DLC you later, and thanks for the memories.

Xenoblade Chronicles 3: Future Redeemed is a thank-you card to fans. Whereas you could theoretically play any of the Xenoblade Chronicles games on their own, this last wave of the Xenoblade Chronicles 3 expansion pass expects you to have played through 1, 2, and 3, and rewards you for having done so.

Warning: This review contains some minor spoilers. 

The game takes place in Aionios before the events of Xenoblade Chronicles 3, and it introduces us to two new heroes: Matthew and A. Before we meet them, however, we get a cutscene with Shulk (XC1), Rex (XC2), and Z (of all people—XC3) squaring off against Alvis from XC1. So, not only do they immediately dump characters at us from across the series, but they challenge what we know about these characters. Alvis is a bad guy? Z’s a good guy? Shulk and Rex are buddies?

Get used to that, because Future Redeemed spends a lot of time tying together loose ends from across the three games. It’s not always successful at this; the writers occasionally make some pretty big leaps and gloss over important elements of earlier stories where it’s convenient to do so. I can’t offer details without spoiling events, but these story issues are not worth worrying about, anyway. If the developers didn’t have a carefully planned vision of where the Xenoblade Chronicles story would end, they got there more coherently than, say, George Lucas did with Star Wars.

I also have to make a spoiler-free attempt at questioning why some characters of Xenoblade Chronicles 1 and 2 got love while others didn’t even get a mention. We see some favorites in memories, some are simply referenced (overtly or obliquely), and others are completely ignored. Even those who are talked about don’t get much detail on what happened to them. The story of Future Redeemed is a bit of a letdown in that regard.

I’m happy to say, however, that that’s the only letdown. I never felt that a moment of the 40+ hours I took to complete it was a waste. This is partially because of the nature of expansion passes. Knowing this would be a much shorter adventure than the main game, I took more time trying to hit everything. I didn’t, of course. There are still some quests to be unlocked, the Collectopedia (hey, welcome back!) is not full, and I have a couple level 90+ unique monsters to fell. But the game gives you so much to do that you’ll feel completely satisfied despite not taking it to 100% completion.

It helps that exploration is further refined. Matthew has an X-Radar that notifies you when you’re near an object of importance, for example, and I wish that device would’ve been handed off to Noah in the main game. The drawback here is that you’ll be notified of items you simply can’t reach yet, and that can lead to a lot of wasted time trying to get where you currently can’t go.

Killing monsters across the landscape improves relations with the community (research, I guess), and the game indicates on the main screen whether that needs to be done for each monster you see. Quest monsters are identified, too. So, you don’t have to fight or check a sub-screen to determine whether a particular animal provides more than experience or required items. The community menu is easier to navigate, too. Seeing what has to be done to improve relations amongst NPCs is clearly defined, and taking care of that often gives you something to do when you don’t feel like fighting.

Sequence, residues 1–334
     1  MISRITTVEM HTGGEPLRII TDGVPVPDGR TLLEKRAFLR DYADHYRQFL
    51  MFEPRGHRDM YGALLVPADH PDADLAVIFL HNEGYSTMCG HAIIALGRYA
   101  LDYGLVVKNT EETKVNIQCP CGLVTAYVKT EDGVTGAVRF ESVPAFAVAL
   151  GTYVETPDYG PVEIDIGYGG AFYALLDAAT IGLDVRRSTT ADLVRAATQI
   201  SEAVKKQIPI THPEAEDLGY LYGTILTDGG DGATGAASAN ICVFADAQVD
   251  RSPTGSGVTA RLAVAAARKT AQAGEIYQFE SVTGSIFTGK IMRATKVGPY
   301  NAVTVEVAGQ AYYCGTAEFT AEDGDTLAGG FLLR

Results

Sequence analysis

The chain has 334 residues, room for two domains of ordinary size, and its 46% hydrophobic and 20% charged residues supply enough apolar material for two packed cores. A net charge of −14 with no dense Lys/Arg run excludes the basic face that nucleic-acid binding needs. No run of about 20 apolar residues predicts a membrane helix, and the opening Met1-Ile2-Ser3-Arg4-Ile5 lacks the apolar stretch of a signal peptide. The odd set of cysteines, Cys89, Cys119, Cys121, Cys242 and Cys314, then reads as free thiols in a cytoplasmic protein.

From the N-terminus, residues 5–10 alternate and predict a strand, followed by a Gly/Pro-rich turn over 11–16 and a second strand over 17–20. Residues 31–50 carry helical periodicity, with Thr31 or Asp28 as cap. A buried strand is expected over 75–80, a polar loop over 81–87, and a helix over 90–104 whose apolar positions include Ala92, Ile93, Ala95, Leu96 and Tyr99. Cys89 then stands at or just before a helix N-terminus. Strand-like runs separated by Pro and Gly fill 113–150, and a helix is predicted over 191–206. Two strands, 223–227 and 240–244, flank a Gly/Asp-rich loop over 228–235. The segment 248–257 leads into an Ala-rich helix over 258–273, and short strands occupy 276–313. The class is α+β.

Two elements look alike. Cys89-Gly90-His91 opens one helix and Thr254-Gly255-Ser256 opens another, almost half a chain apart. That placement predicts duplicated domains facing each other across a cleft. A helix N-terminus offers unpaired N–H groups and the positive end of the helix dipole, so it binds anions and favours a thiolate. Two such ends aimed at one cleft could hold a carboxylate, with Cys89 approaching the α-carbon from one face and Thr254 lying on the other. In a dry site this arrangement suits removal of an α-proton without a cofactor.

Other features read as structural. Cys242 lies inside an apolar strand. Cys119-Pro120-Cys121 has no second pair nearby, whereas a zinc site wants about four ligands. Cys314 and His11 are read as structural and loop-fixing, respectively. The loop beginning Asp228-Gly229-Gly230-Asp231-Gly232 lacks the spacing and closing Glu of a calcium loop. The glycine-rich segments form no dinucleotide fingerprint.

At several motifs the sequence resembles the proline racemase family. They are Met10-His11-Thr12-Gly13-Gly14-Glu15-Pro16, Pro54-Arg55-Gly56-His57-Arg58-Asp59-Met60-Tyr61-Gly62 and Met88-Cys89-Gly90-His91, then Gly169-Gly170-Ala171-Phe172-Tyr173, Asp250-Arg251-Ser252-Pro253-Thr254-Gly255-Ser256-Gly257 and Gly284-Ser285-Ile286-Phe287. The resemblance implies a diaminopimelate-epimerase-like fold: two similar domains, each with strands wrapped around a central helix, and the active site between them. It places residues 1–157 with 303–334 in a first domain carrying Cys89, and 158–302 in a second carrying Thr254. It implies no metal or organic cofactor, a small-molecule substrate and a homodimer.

Combat has also been revamped, and thank goodness for that. I mentioned recently on the Pure Nintendo Podcast that hopping back into Xenoblade Chronicles 3 for expansion pack waves after a few months is confusing, as it’s hard to remember all the nuances of the characters I’d optimized. Future Redeemed tosses all of that aside and tweaks the real-time combat in new and fun ways. You’re still relying on auto attacks to power up your arts, and you get to select those arts and skills to suit/support the character you prefer to control.

Unlike the Ouroboros combos of the main game, however, any two playable characters can now be paired for unity attacks and combos. Mixing and matching these was fun, and you’ll likely quickly settle on pairings that suit your combat steps (or that just have the best animations). The pairings affect your chain attacks, and reaching/using those chains is easier this time around. There’s a lot to customize across pairings, skills, arts, and accessories, but it’s never overwhelming. Just make sure you stay on top of it and you’ll be fine.

The game looks as good as ever, with wonderfully colorful and detailed environments to explore. The daylight changes are stunning to observe, and fans of the earlier games will be thrilled as they enter familiar locations. The combat animations are magnificent, but you’ll likely spend more time watching your art indicators than your characters. Finally, the cutscenes are as good as ever. They lack the emotional impact of the main games, but they do provide some very endearing moments for the playable characters—especially Shulk and Rex.

As with Xenoblade Chronicles: Future Connected and Xenoblade Chronicles 2: Torna ~ The Golden Country, Monolith Soft has provided an absolutely essential addition with Future Redeemed. It’s a blast to play, it offers nostalgia for fans of the whole series, and it dots some Is that needed dotting (albeit leaving some Ts uncrossed). One particular revelation was so glorious and unexpected that I had to keep my son up late on a school night to watch the full cutscene with me again.

And finally, although it brings the trilogy to a solid conclusion, we do get a distant glimmer of hope for what may come next. I have my theories for what that could be, but I’ll save those for a future podcast.